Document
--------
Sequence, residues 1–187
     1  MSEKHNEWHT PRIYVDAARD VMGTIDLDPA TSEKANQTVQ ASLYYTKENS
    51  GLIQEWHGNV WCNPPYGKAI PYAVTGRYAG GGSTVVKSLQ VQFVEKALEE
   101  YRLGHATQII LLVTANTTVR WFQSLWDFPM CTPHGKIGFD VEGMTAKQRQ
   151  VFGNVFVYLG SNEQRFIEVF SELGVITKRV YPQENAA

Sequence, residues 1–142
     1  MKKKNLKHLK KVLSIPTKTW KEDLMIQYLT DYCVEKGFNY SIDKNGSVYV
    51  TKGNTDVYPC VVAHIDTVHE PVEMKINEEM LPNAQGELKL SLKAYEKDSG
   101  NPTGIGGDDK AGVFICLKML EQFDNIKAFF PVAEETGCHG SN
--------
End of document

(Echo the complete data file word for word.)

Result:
Sequence, residues 1–187
     1  MSEKHNEWHT PRIYVDAARD VMGTIDLDPA TSEKANQTVQ ASLYYTKENS
    51  GLIQEWHGNV WCNPPYGKAI PYAVTGRYAG GGSTVVKSLQ VQFVEKALEE
   101  YRLGHATQII LLVTANTTVR WFQSLWDFPM CTPHGKIGFD VEGMTAKQRQ
   151  VFGNVFVYLG SNEQRFIEVF SELGVITKRV YPQENAA

Sequence, residues 1–142
     1  MKKKNLKHLK KVLSIPTKTW KEDLMIQYLT DYCVEKGFNY SIDKNGSVYV
    51  TKGNTDVYPC VVAHIDTVHE PVEMKINEEM LPNAQGELKL SLKAYEKDSG
   101  NPTGIGGDDK AGVFICLKML EQFDNIKAFF PVAEETGCHG SN